It is perhaps not surprising that the revival of contemporary contact theory took place at the same time as the theoretical tools of games, and negotiation theory in particular, began to be applied to philosophical problems. Negotiation theory, as developed by John Nash (1950) and John Harsanyi (1977), is a rigorous approach to modeling how rational individuals would agree to share something good or supernumerary. In its most general form, the negotiation model of the agreement specifies a group of people who have individual utility functions that can be represented in relation to each other without the need to directly compare interpersonal benefits. Certain goods or merchandise intended for division will be specified, and if the persons concerned can agree on how the good in question is to be divided, they will receive this division. However, if they can`t get along, they get their disagreement result instead. Maybe that`s what they brought to the table, or it could be another specified amount. An example is a simple application game in which two people have to write how much of the donated prize pool they want. If the two « commandments » are equal to or smaller than the pot, everyone will receive what they have written, otherwise not everyone will get anything. In the first Platonic dialogue, Crito, Socrates convincingly explains why he must remain in prison and accept the death penalty instead of fleeing and going into exile in another Greek city.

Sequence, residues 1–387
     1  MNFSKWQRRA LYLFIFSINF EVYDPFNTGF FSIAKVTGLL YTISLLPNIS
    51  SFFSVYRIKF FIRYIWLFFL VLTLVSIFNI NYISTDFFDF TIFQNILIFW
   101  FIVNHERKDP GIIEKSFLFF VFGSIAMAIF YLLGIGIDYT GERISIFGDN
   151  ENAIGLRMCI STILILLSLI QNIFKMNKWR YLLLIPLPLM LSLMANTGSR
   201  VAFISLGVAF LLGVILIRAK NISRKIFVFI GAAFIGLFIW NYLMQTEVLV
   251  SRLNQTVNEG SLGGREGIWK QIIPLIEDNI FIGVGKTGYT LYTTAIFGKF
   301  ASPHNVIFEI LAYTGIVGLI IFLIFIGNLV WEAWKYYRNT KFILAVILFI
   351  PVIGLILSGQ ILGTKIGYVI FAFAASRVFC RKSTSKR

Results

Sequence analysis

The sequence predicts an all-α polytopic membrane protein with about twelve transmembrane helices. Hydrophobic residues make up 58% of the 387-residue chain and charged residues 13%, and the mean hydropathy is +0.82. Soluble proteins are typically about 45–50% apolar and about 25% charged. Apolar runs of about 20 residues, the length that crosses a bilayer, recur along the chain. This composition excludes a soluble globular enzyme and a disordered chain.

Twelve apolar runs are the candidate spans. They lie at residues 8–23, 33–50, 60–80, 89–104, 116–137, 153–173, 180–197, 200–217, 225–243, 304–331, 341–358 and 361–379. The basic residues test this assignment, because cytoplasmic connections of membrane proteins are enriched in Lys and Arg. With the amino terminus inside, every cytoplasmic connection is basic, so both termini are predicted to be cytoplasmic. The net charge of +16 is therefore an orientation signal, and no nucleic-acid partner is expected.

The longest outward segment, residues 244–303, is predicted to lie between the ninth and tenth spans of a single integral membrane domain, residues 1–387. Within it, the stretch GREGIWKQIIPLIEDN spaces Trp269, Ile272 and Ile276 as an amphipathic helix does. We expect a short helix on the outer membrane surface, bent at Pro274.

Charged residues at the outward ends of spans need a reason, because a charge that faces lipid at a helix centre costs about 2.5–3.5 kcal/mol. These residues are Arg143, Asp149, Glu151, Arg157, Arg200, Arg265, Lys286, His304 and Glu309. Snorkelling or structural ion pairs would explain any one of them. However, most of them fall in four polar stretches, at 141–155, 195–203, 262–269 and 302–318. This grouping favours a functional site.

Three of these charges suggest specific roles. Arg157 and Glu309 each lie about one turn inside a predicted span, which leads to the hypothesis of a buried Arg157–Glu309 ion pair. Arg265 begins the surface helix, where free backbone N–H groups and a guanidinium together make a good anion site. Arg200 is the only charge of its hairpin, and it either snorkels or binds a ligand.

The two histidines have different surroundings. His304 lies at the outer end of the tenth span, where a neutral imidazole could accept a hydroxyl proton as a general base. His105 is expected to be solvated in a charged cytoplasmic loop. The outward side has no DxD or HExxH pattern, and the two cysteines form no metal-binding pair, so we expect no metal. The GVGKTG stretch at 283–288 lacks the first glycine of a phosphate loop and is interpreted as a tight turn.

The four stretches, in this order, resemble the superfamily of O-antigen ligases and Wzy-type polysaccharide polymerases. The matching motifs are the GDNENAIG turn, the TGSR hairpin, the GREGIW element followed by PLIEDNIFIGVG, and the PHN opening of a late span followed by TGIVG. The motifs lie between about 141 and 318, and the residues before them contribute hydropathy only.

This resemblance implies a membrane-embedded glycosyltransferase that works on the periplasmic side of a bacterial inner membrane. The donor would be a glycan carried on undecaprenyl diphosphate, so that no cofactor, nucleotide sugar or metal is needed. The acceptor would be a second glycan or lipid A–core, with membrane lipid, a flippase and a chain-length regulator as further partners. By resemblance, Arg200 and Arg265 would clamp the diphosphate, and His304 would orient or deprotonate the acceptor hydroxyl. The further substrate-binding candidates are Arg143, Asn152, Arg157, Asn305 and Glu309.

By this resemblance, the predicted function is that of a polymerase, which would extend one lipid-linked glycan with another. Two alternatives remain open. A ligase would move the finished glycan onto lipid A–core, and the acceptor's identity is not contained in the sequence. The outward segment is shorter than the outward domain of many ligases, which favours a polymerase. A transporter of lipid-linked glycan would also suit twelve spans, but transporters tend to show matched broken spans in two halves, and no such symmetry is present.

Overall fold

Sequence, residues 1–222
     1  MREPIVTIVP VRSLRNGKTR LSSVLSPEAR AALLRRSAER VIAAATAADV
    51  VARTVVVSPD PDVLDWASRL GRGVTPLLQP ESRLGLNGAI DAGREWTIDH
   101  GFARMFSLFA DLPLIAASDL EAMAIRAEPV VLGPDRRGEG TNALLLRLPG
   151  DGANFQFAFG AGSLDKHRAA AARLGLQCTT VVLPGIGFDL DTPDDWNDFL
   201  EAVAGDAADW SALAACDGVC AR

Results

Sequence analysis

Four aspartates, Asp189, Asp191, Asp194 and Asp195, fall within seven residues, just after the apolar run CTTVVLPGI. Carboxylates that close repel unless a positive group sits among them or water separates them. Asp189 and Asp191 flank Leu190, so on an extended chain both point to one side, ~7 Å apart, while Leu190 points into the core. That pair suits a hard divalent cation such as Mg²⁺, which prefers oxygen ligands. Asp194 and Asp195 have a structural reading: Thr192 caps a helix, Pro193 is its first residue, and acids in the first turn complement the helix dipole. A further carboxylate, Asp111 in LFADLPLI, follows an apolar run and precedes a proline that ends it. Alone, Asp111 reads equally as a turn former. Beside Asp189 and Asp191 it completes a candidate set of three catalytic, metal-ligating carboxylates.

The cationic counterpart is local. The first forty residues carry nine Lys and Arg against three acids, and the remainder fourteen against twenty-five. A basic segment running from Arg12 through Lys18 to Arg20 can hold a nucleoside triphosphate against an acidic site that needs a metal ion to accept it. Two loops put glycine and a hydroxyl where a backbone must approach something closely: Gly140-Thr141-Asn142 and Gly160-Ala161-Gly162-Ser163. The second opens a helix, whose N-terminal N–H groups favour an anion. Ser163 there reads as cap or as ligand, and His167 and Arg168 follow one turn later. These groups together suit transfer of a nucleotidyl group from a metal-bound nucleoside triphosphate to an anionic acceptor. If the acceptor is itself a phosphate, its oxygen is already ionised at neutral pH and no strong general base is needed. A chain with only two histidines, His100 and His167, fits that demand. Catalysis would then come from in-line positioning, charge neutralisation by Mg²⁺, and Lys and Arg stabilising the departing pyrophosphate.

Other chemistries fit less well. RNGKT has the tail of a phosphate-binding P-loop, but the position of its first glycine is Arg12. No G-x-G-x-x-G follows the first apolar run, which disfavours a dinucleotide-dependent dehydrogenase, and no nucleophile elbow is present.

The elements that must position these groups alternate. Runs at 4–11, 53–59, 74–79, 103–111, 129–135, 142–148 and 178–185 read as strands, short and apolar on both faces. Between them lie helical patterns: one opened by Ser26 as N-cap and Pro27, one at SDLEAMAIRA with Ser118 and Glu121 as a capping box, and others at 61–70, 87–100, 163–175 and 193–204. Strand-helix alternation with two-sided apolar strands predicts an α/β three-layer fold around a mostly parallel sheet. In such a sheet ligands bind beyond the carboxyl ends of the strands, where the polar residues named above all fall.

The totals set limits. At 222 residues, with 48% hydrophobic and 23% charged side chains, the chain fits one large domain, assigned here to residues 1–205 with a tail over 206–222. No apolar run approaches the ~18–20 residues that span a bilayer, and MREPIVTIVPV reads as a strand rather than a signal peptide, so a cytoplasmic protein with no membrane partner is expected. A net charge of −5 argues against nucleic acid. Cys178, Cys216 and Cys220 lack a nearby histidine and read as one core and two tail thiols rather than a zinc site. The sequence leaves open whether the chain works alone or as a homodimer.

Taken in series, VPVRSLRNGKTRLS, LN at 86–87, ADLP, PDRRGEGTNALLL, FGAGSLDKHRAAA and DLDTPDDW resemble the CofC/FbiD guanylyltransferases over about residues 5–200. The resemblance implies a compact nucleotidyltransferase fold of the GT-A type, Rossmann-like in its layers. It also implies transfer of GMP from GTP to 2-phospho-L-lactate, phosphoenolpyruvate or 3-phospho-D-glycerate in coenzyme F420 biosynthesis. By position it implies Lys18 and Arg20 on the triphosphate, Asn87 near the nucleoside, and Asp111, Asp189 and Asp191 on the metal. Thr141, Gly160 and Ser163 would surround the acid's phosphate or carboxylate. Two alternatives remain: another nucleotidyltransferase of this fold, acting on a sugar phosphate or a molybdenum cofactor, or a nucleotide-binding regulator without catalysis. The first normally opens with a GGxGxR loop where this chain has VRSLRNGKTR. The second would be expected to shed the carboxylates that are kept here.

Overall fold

He embodies the laws of Athens and declares that with their voice he has acquired an overwhelming obligation to obey the laws because they have made possible his entire way of life and even the fact of his very existence. They allowed his mother and father to marry and thus have legitimate children, including himself. After the birth of the city of Athens, his laws required his father to take care of him and educate him. Socrates` life and how that life flourished in Athens depend on the laws. However, it is important that this relationship between citizens and the laws of the city is not enforced. Citizens, when they are adults and have seen how the city behaves, can choose to leave, take their property with them or stay. Staying implies an agreement to comply with the law and accept the sanctions they impose. And after concluding an agreement that is himself just, Socrates claims that he must respect this agreement he has concluded and obey the laws, in this case by suspending and accepting the death penalty. It is important to note that the treaty described by Socrates is implicit: it is implicit by his decision to stay in Athens, although he is free to leave.